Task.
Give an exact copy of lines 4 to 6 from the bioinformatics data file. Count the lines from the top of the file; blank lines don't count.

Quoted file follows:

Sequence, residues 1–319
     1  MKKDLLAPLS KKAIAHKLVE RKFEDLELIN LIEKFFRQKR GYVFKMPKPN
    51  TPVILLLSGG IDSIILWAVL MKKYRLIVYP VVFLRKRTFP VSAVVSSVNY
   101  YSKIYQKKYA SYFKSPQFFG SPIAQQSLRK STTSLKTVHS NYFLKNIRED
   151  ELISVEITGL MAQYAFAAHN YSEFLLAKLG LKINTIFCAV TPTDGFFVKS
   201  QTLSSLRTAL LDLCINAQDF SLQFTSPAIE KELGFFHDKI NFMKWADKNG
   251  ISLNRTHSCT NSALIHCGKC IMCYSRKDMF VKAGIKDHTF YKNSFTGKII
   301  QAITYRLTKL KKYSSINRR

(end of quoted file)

   101  YSKIYQKKYA SYFKSPQFFG SPIAQQSLRK STTSLKTVHS NYFLKNIRED
   151  ELISVEITGL MAQYAFAAHN YSEFLLAKLG LKINTIFCAV TPTDGFFVKS
   201  QTLSSLRTAL LDLCINAQDF SLQFTSPAIE KELGFFHDKI NFMKWADKNG